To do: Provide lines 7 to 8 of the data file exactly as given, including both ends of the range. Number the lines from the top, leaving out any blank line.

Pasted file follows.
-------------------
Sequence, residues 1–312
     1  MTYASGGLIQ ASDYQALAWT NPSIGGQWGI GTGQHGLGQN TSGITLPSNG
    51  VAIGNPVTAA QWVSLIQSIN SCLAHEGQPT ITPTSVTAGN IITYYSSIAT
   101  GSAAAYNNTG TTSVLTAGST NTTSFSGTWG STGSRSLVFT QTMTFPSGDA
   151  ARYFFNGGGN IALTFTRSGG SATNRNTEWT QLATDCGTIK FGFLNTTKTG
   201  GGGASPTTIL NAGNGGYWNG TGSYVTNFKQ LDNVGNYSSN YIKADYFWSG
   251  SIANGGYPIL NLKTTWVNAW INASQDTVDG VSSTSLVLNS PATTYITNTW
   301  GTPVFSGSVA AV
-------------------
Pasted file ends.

   251  SIANGGYPIL NLKTTWVNAW INASQDTVDG VSSTSLVLNS PATTYITNTW
   301  GTPVFSGSVA AV